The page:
This is how you deal with know-it-alls [5 Techniques]
You probably know a number of know-it-alls who always want to be right. Maybe your partner is one. This is okay, because it is a natural tendency of our brain. The good news is: you can manipulate know-it-alls very easily with 5 techniques. What can you do if someone always wants to be right? Read along…
A funny example of always wanting to have the last word…
There are those people who always argue. Even if you tell them the absolute truth that they needed to know and hear. And even if you say exactly what they said, they will argue.
If such a person says to you, “I run into the problem that I can’t get to my feelings with my daughter, ” and if you say exactly the same back to that person – “So you run into the problem that you can’t get to your feelings with you daughter?” Then they will still say: ‘No, it is more like this…’
In short, they are always automatically in the mode to always say you are wrong and to enter into discussion regardless of the content.
Why does someone want to be right? ‘Meta programs’ & Daniel Kahneman’s theory
Those know-it-alls will always automatically enter into a discussion in a certain context. Even if you say something that is just right or something that the other person had just agreed to before.
This is sort of a ‘program’ of their personality / mind. We call these types of programs within NLP ‘ meta programs . We call the meta-program to always have the last word ‘mismatching’.
Daniel Kahneman also has a theory about this in ‘Thinking Fast And Slow’. He argues that everyone’s brain tends to make it as easy as possible for itself. And a brain that makes it as easy as possible does not want to actually start thinking about whether the information presented is correct or useful. That takes brain power and it takes a few seconds for the brain to warm up for it.
That self-control, politeness and the ability to determine whether the message offered is actually useful is only activated later. The first response someone gives is therefore an uncontrolled response, and that is often a mismatch response.
How do you deal with these know-it-alls / ‘mismatchers’? 5 techniques!
Do you know someone who thinks he is always right, always knows everything better or always wants the last word? Maybe your child? Or do you have a know-it-all as a partner (‘My boyfriend always wants to be right and have his way’)? Then it is useful to be able to deal with know-it-all people.
Technique 1: Reverse Psychology
Reverse psychology is the answer when dealing with mismatchers!
If someone keeps doing the opposite of what others say, what should you do? Right! You start with the opposite, so that the other will resist that and you end up with the right thing! Reverse psychology!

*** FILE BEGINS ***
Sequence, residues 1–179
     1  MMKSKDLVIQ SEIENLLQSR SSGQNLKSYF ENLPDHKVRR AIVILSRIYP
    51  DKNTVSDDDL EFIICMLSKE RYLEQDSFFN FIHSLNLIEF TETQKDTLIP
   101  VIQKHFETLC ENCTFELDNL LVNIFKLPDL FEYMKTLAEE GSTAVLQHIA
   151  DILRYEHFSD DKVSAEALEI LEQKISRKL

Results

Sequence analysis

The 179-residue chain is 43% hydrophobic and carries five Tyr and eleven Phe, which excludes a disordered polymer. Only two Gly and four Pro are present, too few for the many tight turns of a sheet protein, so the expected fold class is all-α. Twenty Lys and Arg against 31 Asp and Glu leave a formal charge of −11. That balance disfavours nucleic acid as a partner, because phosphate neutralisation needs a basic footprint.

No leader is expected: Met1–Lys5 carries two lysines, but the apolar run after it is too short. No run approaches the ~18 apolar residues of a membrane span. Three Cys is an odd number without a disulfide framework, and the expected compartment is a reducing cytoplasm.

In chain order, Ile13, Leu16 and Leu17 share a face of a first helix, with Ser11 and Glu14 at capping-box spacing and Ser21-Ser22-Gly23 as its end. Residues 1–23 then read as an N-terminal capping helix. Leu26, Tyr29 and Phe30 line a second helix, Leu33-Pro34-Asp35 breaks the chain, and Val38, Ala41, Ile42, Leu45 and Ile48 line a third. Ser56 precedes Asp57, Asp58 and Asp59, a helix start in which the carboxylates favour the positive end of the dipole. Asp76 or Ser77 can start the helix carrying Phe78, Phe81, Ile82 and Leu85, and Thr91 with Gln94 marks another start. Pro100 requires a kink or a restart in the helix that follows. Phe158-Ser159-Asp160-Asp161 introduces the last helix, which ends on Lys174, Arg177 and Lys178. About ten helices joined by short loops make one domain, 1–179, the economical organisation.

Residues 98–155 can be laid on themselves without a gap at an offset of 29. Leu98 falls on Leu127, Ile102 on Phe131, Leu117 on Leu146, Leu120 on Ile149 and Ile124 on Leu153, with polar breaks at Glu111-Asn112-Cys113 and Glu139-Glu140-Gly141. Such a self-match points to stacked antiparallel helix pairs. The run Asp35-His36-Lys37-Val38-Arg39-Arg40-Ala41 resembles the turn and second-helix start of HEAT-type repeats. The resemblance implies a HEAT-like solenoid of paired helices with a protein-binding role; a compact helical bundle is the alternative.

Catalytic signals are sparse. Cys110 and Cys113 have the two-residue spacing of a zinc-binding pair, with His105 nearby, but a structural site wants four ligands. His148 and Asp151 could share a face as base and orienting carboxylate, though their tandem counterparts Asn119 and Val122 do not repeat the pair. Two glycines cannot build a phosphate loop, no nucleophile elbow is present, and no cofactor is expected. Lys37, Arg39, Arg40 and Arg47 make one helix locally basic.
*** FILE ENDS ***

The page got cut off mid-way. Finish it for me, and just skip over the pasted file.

If something is not allowed or not possible, it becomes more attractive.
Another example of how I used reverse psychology to convince my brother to go to Efteling: I knew that my brother is a mismatcher. So what am I saying to him? In any case not: “I want to go to Efteling.” So I say, ‘You know what I think? That we really shouldn’t go to Efteling. ‘ And so he resisted me straight into Efteling!
“Mom, what’s that?” Pointing to a boat.
“You know what that is.”
“No I do not know.”
“Very well, it’s an apple pie.”
“No, it’s a boat.”
Technique 2: seeding, or subliminal priming
Let me tell you about the sneaky technique called ‘seeding’.
If you put parts of the idea into the other person’s frame of reference in the days before you start sharing the idea with the other person, the idea is no longer completely new. This will prevent the other person from falling into the automatic mismatch trend when you introduce your idea. The technique we are talking about is ‘seeding’, also called ‘subliminal priming’ .
Is your goal for your husband to cook more? Instead of saying, “You should cook more,” you could just ask, “Tim (your son) looks pale, do you think he’s getting enough vitamins?” You let the subject rest and a week later you just mention something about healthy food. Only after another week do you raise the subject of ‘cooking’.
Technique 3: Put our ego aside and agree with the other
We are not the best person to tell the other to put his ego aside. We can only achieve this by putting our ego aside ourselves.
Instead of holding on to your own point of view, or even your values, you can actually start caring about the other person. Isn’t it better to be happy together than to be right on your own? Then you even put your values into action.
Let people have their own opinion. They are entitled to it. The problems only start when you want to change an opinion. This is not only impossible and useless, but also necessary because the world would be boring if everyone thought exactly the same. If you allow people their freedom, you will find yours too.
– Haenim sunim
Technique 4 & 5: Read these two & 53 additional influencing techniques
There is a fourth and fifth way of dealing with know-it-alls.
- Present ideas as someone else’s, not yours.
- Make use of (someone’s own!) (Higher!) Logical levels.
These two techniques need an extensive explanation. You will find these ways explained in detail in a separate article. That’s somewhere in the middle of this article with 53+ influencing techniques.
To your success!